Every new year brings new marketing challenges CMOs must face, and 2022 is proving to be the most challenging in recent memory.
As the leading boutique marketing executive search firm, we’ve noticed a few trends. Let’s look at four top challenges facing CMOs in 2022.
As we enter a post-pandemic world (let’s hope), expectations for CMOs are continuing to evolve. Top marketers are responsible for more facets of the business than ever before. No longer are marketing leaders just creative and brand advocates, now they are business strategists, technology innovators and drivers of newly discovered revenue streams. The CMO’s scope of responsibilities has grown like none other in the C-suite.
As demands and expectations of head marketers and their teams continuing to grow, what sits at the top of a CMO’s responsibilities today? What exactly is worrying leaders in the highest seats of marketing? At MarketPro, we’ve noticed a few trends.
Maximizing lift for every dollar spent
Not necessarily a new trend, but certainly one near the top of the list, is making every dollar work hard. CMOs must show the impact of marketing on the business, drive sales and strategically ideate how to create new revenue streams and business lines. Companies today must be nimble to the changes in how customers consider and purchase products and services, and head marketers must react quickly to the ever-evolving market.
Marketing executives must fully grasp the complete funnel of your customer journey and make sure that marketing channels and messaging are targeted for the right stage of the sales cycle. The key is to intersect with the customer at the right time, with the right message, on the right device.
A holistic view of the journey is fundamental to ensuring that expenditures are allocated appropriately to achieve the desired action. It’s imperative that KPIs are in place to quickly react to small negative trends before they become debilitating ones.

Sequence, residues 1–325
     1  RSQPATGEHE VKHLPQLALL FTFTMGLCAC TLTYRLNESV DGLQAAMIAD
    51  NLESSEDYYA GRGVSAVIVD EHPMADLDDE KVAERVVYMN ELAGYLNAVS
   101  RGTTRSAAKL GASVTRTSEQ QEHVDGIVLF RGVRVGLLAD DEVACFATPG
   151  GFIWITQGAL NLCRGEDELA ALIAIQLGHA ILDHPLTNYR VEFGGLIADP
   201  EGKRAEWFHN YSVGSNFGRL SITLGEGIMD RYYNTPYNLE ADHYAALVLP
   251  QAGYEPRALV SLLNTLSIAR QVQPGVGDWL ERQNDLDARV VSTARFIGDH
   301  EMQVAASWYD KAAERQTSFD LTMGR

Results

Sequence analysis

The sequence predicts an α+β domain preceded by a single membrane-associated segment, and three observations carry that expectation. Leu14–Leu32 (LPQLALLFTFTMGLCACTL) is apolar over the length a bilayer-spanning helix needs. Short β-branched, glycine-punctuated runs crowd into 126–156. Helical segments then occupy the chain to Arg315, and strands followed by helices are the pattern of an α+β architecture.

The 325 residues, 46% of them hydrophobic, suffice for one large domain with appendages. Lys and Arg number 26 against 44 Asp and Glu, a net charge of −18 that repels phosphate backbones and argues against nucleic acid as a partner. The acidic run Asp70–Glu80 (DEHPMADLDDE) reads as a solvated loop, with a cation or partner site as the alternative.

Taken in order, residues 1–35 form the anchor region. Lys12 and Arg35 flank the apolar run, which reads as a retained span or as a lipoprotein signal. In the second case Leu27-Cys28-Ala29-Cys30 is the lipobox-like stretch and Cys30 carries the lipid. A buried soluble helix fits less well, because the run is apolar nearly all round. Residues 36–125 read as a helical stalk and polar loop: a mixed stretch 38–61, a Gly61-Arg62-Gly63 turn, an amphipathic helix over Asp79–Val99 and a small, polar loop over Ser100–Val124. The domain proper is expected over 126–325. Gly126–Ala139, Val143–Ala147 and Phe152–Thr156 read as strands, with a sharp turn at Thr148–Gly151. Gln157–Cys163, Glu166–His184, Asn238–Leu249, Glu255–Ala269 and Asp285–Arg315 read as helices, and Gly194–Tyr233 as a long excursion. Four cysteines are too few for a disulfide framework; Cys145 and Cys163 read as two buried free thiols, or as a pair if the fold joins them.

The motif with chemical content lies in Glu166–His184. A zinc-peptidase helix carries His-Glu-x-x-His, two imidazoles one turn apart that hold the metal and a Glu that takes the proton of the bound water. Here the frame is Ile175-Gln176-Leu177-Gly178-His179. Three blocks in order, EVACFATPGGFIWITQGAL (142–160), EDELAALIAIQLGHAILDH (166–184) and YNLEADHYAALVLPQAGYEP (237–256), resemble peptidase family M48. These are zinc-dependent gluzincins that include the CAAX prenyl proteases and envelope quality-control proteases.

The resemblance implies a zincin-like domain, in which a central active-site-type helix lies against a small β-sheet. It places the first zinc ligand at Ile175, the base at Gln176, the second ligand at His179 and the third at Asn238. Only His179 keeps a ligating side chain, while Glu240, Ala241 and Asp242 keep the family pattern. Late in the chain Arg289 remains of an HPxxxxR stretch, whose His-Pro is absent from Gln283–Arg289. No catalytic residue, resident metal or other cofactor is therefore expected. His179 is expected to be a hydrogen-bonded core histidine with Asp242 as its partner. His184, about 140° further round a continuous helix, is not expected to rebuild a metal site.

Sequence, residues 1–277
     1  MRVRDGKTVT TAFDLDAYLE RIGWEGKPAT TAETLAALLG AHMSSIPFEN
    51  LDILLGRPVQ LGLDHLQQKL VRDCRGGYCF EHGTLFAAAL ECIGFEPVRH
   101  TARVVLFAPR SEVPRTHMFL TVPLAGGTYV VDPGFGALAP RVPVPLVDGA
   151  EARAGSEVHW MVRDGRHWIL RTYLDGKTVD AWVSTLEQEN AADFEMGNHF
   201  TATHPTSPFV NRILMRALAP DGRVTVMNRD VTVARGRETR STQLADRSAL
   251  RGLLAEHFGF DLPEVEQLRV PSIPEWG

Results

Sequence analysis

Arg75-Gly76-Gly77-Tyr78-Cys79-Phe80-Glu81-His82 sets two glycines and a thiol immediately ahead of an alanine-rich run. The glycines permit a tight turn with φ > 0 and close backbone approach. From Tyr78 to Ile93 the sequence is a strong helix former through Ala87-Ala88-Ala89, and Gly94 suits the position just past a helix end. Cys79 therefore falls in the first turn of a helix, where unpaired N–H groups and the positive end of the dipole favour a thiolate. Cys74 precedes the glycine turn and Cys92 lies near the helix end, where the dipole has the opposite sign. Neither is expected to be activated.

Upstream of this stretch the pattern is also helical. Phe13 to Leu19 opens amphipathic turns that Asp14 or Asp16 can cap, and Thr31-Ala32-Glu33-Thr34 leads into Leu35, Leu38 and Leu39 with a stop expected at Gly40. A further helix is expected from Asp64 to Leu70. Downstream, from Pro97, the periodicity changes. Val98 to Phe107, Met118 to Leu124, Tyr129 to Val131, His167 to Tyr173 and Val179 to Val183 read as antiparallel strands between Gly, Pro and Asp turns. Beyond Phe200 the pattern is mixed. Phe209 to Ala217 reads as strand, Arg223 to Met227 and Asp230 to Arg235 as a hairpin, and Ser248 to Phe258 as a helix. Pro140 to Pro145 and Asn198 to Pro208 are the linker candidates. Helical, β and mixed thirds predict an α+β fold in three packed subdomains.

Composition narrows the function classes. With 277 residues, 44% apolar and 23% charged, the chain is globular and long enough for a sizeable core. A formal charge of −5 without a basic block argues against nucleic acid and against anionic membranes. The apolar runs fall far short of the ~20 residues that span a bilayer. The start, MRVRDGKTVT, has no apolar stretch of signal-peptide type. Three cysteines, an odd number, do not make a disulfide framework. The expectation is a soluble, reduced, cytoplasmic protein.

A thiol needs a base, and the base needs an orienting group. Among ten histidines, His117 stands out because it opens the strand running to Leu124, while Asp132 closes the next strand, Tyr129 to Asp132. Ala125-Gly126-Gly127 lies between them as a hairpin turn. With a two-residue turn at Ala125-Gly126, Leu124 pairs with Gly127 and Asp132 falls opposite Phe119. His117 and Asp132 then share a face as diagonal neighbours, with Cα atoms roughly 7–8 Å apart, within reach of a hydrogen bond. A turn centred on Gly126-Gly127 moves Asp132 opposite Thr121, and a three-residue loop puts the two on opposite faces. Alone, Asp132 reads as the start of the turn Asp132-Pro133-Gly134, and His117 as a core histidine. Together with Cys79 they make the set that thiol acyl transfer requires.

Transparency around the performance of the marketing plan can be uncomfortable for some CMOs, who may feel that everyone is looking over their shoulder and/or judging their efforts. But open communication builds trust and fosters the dialog necessary to prevent misunderstandings and potential resentments down the line. Company executives must understand that the marketing plan is an evergreen document and almost any element can and should be tested. You can’t build a marketing plan and “set it and forget it.” Critical components are measuring, learning, adjusting and repeating. Constant evaluation and refinement based on real-time analytics is tedious but indispensable, and should be used in determining the validity of any subjective input.
Creating omnichannel, mobile-first user experiences
CMOs are challenged with owning the entire customer journey to deliver a seamless omnichannel experience. Customers expect that, no matter how they begin their interaction with you, it will carry over when they change devices. This is where the importance of the relationship between the CMO and the CTO/CIO comes in. Shared ownership of the user journey continues to grow more critical in today’s digital, customer-first world. Alignment between marketing and dedicated technical resources is paramount to prioritizing the features and tools that most impact the end user and bring about the desired business result.
With mobile devices garnering 61% of internet traffic in the United States, approaching your customer interaction from a ‘mobile-first’ perspective is crucial. If you optimize the customer experience for mobile, it will almost certainly work well for desktop. Great care should be taken to ensure that your messaging, creative and calls-to-action function properly across all devices. Always make sure your site navigation is intuitive, consistent and easy to use. Businesses that make the digital experience seamless and functional will excel. Your CMO must be able to effectively articulate the brand and revenue benefits of an omnichannel experience and fight for alignment among the C-suite.
Managing remote/hybrid teams